As I came into the new year, and I still didn’t have an appointment of any kind, I found myself getting more and more frustrated with the lack of communication from the hospital. I’d been putting on this brave face, but it was wearing thin. I say putting on – I wasn’t. It was real, but cracks were definitely starting to appear. Limbo and I weren’t really getting along very well.
I’d been quite open with people about what I was going through. I’d talked a lot about losing the sight in my left eye and never really thought that it would end in such a serious diagnosis. People inevitably asked how my eyes were doing, which then resulted in a conversation about what had happened since.
I’d more or less become accepting of my unconfirmed fate, but then equally I started to worry. What if there wasn’t anything wrong with me, and there had been all this fuss for nothing? How would that go down when someone asked me how I’d got on, and I’d be saying “oh that? I was just being melodramatic and it was nothing!”
During the second week of January, I was at work and Deb asked me how I was getting on and where I was up to. Every emotion that I’d stopped myself from feeling came tumbling out. See, so many people had told me how brave and strong I was being. I felt the need to live up to that, and I made it so it wasn’t ok for me to feel what I perceived to be, the less positive emotions. But all it took was one person to ask the right question, and I couldn’t hold that brave facade.
After a bloody good cry, Deb helped me set myself some actions (I know that’s so transactional and “work like”). I needed to feel like I was in control somehow, and having a “checklist” of things to do helped that.
- See my GP to sort out my Vitamin D (my prescription hadn’t been right and I needed more tablets)
- Call my Neurologist’s secretary for an update
- Contact our employee assistance programme at work. I didn’t think I needed to speak to someone, but it was probably worth sounding off to someone before it became something more serious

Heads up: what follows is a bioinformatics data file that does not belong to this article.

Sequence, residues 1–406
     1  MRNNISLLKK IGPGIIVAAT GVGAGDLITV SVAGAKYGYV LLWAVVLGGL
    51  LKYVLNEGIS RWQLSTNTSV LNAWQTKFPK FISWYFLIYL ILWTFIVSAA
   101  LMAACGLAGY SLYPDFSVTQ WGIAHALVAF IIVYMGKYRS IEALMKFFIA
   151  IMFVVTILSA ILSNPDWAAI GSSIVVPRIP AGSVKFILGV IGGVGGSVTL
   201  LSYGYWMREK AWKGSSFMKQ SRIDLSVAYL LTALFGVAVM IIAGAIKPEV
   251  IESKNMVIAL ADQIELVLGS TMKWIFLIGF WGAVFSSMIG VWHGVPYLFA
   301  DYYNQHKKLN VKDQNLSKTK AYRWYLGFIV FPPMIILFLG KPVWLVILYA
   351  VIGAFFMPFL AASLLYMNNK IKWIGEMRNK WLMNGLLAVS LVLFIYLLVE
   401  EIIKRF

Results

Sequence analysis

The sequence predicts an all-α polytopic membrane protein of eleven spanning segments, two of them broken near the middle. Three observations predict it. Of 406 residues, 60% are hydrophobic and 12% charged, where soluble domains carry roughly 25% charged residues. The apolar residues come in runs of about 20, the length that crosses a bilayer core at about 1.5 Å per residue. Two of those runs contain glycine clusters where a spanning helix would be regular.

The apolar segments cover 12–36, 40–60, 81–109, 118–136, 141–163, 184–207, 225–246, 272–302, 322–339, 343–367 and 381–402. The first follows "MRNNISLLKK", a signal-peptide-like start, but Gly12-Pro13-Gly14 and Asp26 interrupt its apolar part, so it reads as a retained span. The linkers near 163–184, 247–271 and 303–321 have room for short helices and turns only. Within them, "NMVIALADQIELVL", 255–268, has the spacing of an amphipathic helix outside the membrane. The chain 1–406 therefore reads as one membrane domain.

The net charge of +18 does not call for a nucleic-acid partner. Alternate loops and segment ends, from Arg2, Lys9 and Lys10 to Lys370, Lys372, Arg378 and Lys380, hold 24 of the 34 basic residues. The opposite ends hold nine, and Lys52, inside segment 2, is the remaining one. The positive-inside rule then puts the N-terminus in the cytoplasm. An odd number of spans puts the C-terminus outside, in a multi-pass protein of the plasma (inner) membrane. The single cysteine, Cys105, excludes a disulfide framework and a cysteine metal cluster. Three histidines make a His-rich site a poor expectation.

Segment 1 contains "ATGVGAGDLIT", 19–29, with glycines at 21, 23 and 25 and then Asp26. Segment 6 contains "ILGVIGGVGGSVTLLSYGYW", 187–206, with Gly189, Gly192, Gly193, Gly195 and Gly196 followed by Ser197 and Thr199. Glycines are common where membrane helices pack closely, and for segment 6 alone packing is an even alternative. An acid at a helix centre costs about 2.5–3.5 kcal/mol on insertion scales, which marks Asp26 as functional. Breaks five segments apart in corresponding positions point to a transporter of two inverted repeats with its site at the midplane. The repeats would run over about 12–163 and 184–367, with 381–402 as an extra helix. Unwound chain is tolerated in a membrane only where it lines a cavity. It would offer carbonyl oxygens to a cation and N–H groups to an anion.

My GP was easily sorted, as was contacting our employee assistance programme. The bit I struggled to do was contact my Neurologist’s secretary. It wasn’t that I was trying to bury my head in the sand. I just didn’t want to be a pain in the arse.
With a bit of a nudge, I did call the hospital. When I told them my name, before I’d even said what I wanted, she told me she’d been dealing with trying to get all my records from Liverpool just that morning. I couldn’t believe it had taken that long! How hard could it be to just email over some files?
She told me that she had managed to finally get all my information together (I forgot to mention before, when I went to my first appointment with Dr Tyne, she had nothing except my referral letter. She couldn’t get access to the MRI’s and all the rest of my records without my permission). Now that they had all my information , although Dr Tyne was on annual leave that week, she was confident I would hear from her by the end of the following week.
What a relief. I had another appointment in sight.
The secretary must have sensed my stress and need to see someone for more answers, because the following Wednesday I got a phone call from her asking me if I could come in the following morning to see Dr. Tyne.
Dave had a day’s holiday he needed to use by the following Wednesday, so he was able to take the day off, and come with me to this appointment.
The best news that Dr. Tyne was going to give me that day, was that I didn’t need a lumbar puncture. She showed me the brain and spinal MRI scans, and pointed out wispy areas of white on both. These were signs of inflammation, lesions or scarring (these words seem to be used interchangeably). She had all the information that she needed.
I had MS.
She confirmed that it was relapsing remitting, and discussed next steps. I would have an appointment with an MS Nurse, and I would be referred to a Neurologist who specialises in MS, based at Salford Royal. This specialist would be able to discuss how I could medicate to prevent the progression of the disease. Dr Tyne said it would likely be oral, or injected medication, either daily or a number of times a week. She said there was a good chance that my MS wasn’t aggressive enough for anything more full on.
I left in reasonably good spirits – instead of feeling like a weight had landed on my shoulders, I felt like a weight had been lifted from them. It was bittersweet to hear my diagnosis. Deep down, I’d had a pretty good idea that that’s what it was for four months. If we include the time from when I went blind, I’d had problems for seven months. That’s a long time. I was so relieved to know that so much about how I am, was now explained. I knew I’d have more waiting to do, but the diagnosis and confirmation was the key piece of information that I needed to be able to completely come to terms with everything that was happening to me.
I called Steph to tell her the outcome of the meeting. She asked me if I was taking the rest of the day off, and the Friday off. I decided that I would, even though I wasn’t sure if I needed it. In hindsight, I’m glad that I did. I needed that time to process the information more than I appreciated.